With funding from the Ford Foundation, the Center created an implementation plan for remediating distressed properties in an economically depressed city. With the assistance of the Center for Community Progress, the Land Use Law Center identified and evaluated existing strategies to remediate distressed properties in the city and prepared recommendations on how to mitigate the adverse effects of troubled properties in the city. With the support of the staff and administration and ratification by the City Council, the Center initiated implementation of the plan, which includes creation of a land bank and redevelopment readiness strategies.
Local Land Use Response to Sea Level Rise Report
The Center created a report for The Nature Conservancy (TNC) detailing how states and local governments are addressing sea level rise impacts and storm hazards through innovative ordinances and regulations. The report was developed in conjunction with TNC’s Coastal Resilience interactive web mapping tool, which assists decision-makers in assessing alternative future scenarios that address sea level rise, storm surge, and community vulnerability.
Wind Energy Guidebook
In partnership with the Pace Energy and Climate Center, the Land Use Law Center created a land use framework for municipalities to plan for and regulate wind energy development. The framework contains a policy statement for local adoption, approaches to local studies and citizen participation, information regarding development moratoria and local planning, as well as guidance on writing a local wind law and opportunities for intermunicipal cooperation and financial incentives. This project was completed for the New York State Energy Research and Development Authority (NYSERDA) as part of its initiative to update the State Wind Energy Toolkit.
Fair & Affordable Housing Project
With support from the Ford Foundation and in conjunction with the Housing Action Council (HAC), the Center is providing technical assistance to communities affected by the Westchester County Implementation Plan and Settlement Order, helping them permanently overcome the impediments to creating fair and affordable housing. Through this assistance, the Center and HAC are laying the groundwork for a systemic change within the region to create welcoming communities that reexamine current patterns of zoning, density, and planning.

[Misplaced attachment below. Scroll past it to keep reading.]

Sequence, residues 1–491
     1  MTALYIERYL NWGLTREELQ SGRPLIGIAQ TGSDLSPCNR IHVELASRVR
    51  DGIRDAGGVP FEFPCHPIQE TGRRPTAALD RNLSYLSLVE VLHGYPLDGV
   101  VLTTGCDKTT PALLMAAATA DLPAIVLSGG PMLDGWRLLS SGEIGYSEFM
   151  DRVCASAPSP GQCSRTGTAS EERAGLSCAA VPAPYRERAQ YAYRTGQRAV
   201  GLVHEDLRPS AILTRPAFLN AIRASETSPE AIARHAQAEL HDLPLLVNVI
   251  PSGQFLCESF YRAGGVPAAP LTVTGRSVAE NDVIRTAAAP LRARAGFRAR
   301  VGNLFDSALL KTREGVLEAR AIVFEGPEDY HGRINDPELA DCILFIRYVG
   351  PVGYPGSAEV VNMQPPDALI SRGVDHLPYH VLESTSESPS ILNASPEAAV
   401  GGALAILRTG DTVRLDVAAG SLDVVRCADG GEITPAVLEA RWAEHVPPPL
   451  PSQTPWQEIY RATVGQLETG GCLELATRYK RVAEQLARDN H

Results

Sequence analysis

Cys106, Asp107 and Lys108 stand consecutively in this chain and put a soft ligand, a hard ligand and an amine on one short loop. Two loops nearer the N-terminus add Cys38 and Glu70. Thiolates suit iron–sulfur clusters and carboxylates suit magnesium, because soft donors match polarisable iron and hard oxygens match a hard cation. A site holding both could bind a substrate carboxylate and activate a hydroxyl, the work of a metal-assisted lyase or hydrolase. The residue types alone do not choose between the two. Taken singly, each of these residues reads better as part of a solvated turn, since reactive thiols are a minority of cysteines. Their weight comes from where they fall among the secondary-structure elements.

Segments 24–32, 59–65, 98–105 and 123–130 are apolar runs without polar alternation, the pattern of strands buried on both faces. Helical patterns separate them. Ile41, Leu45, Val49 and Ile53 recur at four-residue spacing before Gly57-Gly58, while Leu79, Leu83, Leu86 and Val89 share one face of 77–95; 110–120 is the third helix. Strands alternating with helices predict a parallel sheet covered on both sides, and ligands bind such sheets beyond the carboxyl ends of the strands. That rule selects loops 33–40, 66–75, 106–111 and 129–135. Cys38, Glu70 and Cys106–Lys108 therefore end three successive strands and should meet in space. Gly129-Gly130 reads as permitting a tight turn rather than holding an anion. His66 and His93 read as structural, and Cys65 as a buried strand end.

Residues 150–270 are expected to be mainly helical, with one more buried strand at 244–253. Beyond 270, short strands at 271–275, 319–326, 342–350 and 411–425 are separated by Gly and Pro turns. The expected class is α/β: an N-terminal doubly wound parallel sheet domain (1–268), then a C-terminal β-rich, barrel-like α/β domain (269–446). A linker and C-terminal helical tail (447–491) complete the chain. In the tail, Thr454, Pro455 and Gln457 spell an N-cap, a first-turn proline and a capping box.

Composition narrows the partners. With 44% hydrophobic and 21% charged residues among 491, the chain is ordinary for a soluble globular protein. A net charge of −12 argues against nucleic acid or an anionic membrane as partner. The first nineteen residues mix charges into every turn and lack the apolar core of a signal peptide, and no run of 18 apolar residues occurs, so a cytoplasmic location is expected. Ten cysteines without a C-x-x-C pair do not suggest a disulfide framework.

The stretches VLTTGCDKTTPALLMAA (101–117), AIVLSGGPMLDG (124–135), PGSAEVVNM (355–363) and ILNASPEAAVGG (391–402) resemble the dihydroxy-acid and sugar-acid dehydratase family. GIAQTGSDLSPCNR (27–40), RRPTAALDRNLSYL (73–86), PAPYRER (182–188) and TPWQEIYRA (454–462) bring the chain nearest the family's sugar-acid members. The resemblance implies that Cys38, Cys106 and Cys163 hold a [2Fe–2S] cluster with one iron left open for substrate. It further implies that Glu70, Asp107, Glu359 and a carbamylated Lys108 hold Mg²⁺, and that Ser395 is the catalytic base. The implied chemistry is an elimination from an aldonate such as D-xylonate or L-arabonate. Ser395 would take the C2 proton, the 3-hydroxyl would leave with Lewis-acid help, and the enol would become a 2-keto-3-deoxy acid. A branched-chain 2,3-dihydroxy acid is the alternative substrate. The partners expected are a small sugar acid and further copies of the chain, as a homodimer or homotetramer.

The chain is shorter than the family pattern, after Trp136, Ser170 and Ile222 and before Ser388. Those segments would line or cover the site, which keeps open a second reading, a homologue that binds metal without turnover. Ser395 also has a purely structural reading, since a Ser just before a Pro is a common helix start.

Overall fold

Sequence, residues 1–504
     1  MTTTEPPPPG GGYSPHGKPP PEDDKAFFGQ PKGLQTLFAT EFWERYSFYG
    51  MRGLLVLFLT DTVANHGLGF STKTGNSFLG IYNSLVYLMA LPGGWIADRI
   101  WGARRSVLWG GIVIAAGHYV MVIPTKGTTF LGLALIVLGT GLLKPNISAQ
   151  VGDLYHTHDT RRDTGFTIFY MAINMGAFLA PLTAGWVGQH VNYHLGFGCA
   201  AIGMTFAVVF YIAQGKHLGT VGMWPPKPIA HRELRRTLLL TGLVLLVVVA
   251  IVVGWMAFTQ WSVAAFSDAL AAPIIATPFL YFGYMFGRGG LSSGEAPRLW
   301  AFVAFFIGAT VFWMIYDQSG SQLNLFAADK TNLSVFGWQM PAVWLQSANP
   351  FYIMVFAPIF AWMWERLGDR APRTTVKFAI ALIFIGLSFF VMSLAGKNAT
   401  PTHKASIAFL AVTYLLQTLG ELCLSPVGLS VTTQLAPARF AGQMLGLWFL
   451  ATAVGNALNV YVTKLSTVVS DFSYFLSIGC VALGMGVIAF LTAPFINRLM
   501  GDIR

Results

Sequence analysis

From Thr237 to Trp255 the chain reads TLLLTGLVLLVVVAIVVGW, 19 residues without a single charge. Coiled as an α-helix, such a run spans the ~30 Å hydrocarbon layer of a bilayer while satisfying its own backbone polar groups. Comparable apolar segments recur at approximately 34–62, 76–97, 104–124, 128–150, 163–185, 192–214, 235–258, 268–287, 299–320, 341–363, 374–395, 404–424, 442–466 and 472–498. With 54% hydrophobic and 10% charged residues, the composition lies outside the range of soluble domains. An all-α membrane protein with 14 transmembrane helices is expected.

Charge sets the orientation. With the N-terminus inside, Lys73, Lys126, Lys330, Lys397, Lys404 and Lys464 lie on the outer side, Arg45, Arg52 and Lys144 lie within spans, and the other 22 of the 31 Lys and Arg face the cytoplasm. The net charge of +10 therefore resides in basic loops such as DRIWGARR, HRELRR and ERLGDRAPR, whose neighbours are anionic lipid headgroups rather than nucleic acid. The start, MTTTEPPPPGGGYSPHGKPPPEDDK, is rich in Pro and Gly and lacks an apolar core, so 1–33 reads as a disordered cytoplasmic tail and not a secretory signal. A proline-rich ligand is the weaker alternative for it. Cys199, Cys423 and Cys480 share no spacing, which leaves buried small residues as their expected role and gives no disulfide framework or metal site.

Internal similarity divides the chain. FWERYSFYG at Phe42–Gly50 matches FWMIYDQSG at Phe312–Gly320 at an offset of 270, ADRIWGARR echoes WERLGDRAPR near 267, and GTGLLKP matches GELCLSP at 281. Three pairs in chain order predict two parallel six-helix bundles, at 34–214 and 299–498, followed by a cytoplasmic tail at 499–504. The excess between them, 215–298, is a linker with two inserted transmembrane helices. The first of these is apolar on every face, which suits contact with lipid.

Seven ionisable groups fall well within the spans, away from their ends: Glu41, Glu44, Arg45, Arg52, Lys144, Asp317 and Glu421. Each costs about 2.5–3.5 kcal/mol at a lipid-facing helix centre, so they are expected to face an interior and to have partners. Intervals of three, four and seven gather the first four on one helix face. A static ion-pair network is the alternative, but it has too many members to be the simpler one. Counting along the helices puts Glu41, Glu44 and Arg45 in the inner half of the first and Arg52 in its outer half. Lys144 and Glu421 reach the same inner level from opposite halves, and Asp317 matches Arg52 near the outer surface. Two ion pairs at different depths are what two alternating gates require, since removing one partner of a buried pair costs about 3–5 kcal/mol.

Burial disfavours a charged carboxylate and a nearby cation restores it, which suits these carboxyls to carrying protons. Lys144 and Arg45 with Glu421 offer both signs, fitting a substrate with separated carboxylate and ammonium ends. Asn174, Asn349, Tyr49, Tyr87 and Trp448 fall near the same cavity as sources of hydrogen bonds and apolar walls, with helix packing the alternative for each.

CREATION OF REGIONAL NETWORKS
Through its programs, the Land Use Law Center creates strong regional networks of dedicated leaders to whom it can easily disseminate cutting-edge best practice models and newly developed tools and techniques for sustainable conservation and development. These networks include:
Land Use Leadership Alliance (LULA)
Since 1995, the Center has graduated over 2,500 leaders across five states from its four-day LULA training program and has garnered over 100 formal resolutions of support from local governments and businesses. The Alliance is a network of dedicated leaders, which remains in close contact with the Center after graduation from the program. As part of the expansion and growth of the LULA program, the Center has partnered with Cornell University’s Community and Rural Development Institute, Albany Law School’s Government Law Center, the Eastern Connecticut Resource Conservation and Development Area, Inc., and the Utah Land Use Institute to train leaders under the LULA model.
Mayors Redevelopment Roundtable (MRR)
Initiated in 2008 with Congressionally directed funding secured by Congresswoman Nita Lowey, the MRR is a partnership of ten cities in the lower Hudson Valley region of New York State – cities that have a combined population totaling over 500,000, over 15% of whom live at or below the poverty level – working together, organized and led by the Land Use Law Center, on shared strategies for revitalization and sustainable growth. The Center meets quarterly with the MRR group and works closely with the mayors, their attorneys, and development staffs, state and federal agencies, and other professional partners to ensure that the cities engage in transformative initiatives, build a base for continued and efficient intermunicipal and regional cooperation, and develop incentives and regulatory strategies to further a sustainable pattern of human settlement.
Corporation Counsels Roundtable (CCR)
The CCR addresses the many shared legal issues faced by the ten cities in the Mayors’ Redevelopment Roundtable. As part of the CCR, the Land Use Law Center, with support from Pace Law School’s Kheel Center, facilitates a bimonthly discussion among attorneys representing these communities to discuss their common issues and possible solutions. The Center serves a research and advisory role for issues related to sustainable land use and environmental law, as well as for guidance on how to effectively resolve disputes and build consensus.
Chief Elected Officials (CEO) Roundtable
The CEO Roundtable, constituted by leaders from the communities affected by the Westchester County fair and affordable housing Implementation Plan and Settlement Order and similar communities in other parts of the sub-region, was initiated in 2010 by the Center, with support from the Ford Foundation, to collaborate on the implementation of fair and affordable housing strategies in suburban communities.